[FoRK] Malthusian machinations
eugen at leitl.org
Tue Jun 15 04:49:48 PDT 2010
On Sat, Jun 12, 2010 at 12:30:40PM -0500, Jeff Bone wrote:
> >There are no other options, anyway.
> I rarely disagree with you, Eugen, but I've got to call BS on this.
> First, EROI doesn't tell the whole story: you've got to factor in the
> *cost* of the input units. It will be different for different
> technologies at different points along the way.
There are only two nonnegligible (don't care much for tidal)
sources of energy on this planet, and both are of stellar origin.
One is fissionables (both nuclear fission, and geothermal),
which is fossil fusion packaged as radioisotopes. The second one
is solar fusion.
The fossil energy is fossilized sunlight from the past couple
billion years, which has peaked. Not much more where there
came from. Derived from that you've got aeolean and hydro.
Hydro is almost entirely tapped. Aeolean has variability, so
it either needs storage or supergrids, or both.
Nonfossil biomass is largely tapped.
So what is actually left? Only nonfossil sunlight, which
is 1.3 kW/m^2 flux. If you do the math you realize that
structures out there are already entirely sufficient, so
the question is one of price and storage/large-scale distribution.
Baseline is something like 1/3rd of daytime peak, even at today's
nighttime pricing, so I presume you don't have to store that much,
if at all for time being.
As to pricing, it's factor 2-3x removed from residential grid.
It seems that long-term, we'll almost entirely leech on our star.
> "All eggs in one basket" is rarely a good idea.
It won't be one basket, since there's a very diverse power base
out there already (if in your location it isn't, you know what
> You want to keep the cities lit? The path to 100% solar passes
> through a nuke period. I don't see any way around it; ubiquitous
We are in a nuke period. No need to build new, since they'll
won't ROI over lifetime (current lifetime exceeds 60 years, with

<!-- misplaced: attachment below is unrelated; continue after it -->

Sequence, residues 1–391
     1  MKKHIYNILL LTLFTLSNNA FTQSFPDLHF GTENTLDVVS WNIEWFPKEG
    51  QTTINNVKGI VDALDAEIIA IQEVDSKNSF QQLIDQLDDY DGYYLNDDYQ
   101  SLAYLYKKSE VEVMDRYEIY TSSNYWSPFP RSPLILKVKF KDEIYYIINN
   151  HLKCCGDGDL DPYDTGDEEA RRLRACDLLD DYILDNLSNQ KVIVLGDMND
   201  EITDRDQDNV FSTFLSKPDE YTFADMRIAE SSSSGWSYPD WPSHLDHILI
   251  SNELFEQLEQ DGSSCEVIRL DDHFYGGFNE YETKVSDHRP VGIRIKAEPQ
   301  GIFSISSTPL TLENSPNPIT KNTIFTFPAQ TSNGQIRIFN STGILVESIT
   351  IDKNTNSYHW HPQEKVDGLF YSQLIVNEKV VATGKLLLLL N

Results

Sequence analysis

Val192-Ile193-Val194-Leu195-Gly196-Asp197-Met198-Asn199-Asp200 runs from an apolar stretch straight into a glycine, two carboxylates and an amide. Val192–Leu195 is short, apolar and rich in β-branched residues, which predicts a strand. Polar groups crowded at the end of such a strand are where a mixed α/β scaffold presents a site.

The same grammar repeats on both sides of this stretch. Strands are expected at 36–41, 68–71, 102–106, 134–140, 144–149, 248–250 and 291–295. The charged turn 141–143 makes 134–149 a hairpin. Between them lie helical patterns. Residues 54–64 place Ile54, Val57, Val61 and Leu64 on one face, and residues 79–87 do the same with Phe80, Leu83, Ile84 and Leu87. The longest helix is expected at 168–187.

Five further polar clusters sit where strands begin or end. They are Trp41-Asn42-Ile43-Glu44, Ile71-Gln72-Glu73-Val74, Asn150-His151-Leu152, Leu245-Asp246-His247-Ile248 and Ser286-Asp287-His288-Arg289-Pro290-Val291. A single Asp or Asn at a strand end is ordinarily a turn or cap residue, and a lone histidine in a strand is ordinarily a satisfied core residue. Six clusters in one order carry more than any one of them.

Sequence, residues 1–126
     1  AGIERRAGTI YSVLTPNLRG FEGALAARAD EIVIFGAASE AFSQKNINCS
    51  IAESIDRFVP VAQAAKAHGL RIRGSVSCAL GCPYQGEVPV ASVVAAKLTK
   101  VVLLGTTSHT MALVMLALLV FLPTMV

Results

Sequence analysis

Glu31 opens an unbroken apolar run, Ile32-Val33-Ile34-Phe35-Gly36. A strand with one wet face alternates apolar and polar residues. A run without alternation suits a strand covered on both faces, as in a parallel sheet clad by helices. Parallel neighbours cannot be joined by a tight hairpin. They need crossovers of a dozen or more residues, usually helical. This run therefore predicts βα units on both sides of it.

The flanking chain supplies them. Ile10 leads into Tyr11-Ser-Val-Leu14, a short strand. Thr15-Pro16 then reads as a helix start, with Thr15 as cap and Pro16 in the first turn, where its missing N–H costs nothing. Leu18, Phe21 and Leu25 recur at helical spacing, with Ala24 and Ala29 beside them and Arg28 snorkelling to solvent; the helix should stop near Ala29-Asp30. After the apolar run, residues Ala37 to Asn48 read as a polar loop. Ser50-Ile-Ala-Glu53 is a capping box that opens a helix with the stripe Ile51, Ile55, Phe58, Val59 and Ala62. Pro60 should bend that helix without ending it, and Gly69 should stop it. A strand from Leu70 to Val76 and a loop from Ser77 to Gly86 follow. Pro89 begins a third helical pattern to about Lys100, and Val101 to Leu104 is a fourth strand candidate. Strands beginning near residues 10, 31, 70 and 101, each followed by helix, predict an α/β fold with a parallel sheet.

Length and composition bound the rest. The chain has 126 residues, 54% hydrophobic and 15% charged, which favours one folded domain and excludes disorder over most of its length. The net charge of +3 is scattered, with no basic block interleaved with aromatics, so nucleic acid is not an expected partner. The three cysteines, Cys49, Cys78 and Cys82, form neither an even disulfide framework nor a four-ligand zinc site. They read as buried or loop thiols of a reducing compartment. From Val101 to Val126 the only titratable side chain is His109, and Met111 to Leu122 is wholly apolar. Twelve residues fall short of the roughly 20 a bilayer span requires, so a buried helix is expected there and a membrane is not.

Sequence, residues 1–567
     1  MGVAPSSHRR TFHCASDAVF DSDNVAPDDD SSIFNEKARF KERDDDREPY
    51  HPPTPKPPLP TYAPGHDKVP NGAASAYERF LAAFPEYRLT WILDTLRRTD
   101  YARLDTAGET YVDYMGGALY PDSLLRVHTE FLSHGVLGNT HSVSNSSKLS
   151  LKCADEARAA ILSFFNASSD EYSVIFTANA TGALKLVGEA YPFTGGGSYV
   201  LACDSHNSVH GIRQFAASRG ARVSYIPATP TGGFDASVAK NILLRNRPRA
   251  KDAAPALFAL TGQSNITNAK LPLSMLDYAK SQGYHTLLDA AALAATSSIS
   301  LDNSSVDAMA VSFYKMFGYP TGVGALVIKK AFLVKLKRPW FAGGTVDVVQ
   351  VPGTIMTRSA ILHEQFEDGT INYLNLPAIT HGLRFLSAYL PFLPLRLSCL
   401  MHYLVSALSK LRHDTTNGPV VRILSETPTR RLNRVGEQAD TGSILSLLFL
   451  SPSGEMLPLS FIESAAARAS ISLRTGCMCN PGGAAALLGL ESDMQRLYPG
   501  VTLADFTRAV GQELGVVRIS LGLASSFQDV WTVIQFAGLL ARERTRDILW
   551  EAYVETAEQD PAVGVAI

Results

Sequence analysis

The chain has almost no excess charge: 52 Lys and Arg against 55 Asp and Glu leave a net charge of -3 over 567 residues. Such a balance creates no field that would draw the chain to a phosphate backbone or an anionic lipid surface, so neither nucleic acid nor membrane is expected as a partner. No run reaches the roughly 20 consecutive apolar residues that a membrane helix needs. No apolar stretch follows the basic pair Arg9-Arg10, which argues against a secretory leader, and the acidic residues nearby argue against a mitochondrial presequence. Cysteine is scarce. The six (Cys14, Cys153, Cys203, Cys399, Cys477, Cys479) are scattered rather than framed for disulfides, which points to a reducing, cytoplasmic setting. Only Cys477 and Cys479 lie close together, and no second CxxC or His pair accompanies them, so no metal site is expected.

the trend up). Ditto applies to fossil.
> locally produced electricity is obviously far better, but the delta
Micro co-gen, run via methane (80% overall efficiency). Supplement
methane with biogas and syngas (Sabatier) and/or hydrogen from water
electrolysis from wind/PV, including rooftop PV surplus.
> between now and that is far greater than just swapping out centralized
> sources. Modulo the plant friction you mentioned, of course, but we
> have far better technology these days. We just don't have the will.
The budget allocation for military, stimulus and bailouts tells a pretty
clear message about where the priorities lie.
> Re the wet phase stuff, read the paper. There are some interesting
The problem with wet stuff is that you need to process an Amazonas' worth
of flux. And not just to process it, but at EROEI of better than 25:1.
Ideally, 100:1. Since current processes have negative EROEI (nevermind
the processing volume issue, that is entirely unapproachable) this means
it won't happen.
What, exactly, is wrong with the solar constant?
> bits, there... I don't need to point out that we have vast experience
> in large-scale industrial chemical engineering. And the ligand
> assembly / dissassembly helps the efficiency a lot relative to prior
> But like I said, I don't think any of this is sufficient to focus on
> exclusively at this point. Run the search in parallel. With
> competition. For money. Now.
We're in zero-sum budget country now. No more fooling around. Whatever
you pick now has to be empirically be already validated and show that
it would scale.
Eugen* Leitl <a href="http://leitl.org">leitl</a> http://leitl.org
ICBM: 48.07100, 11.36820 http://www.ativel.com http://postbiota.org
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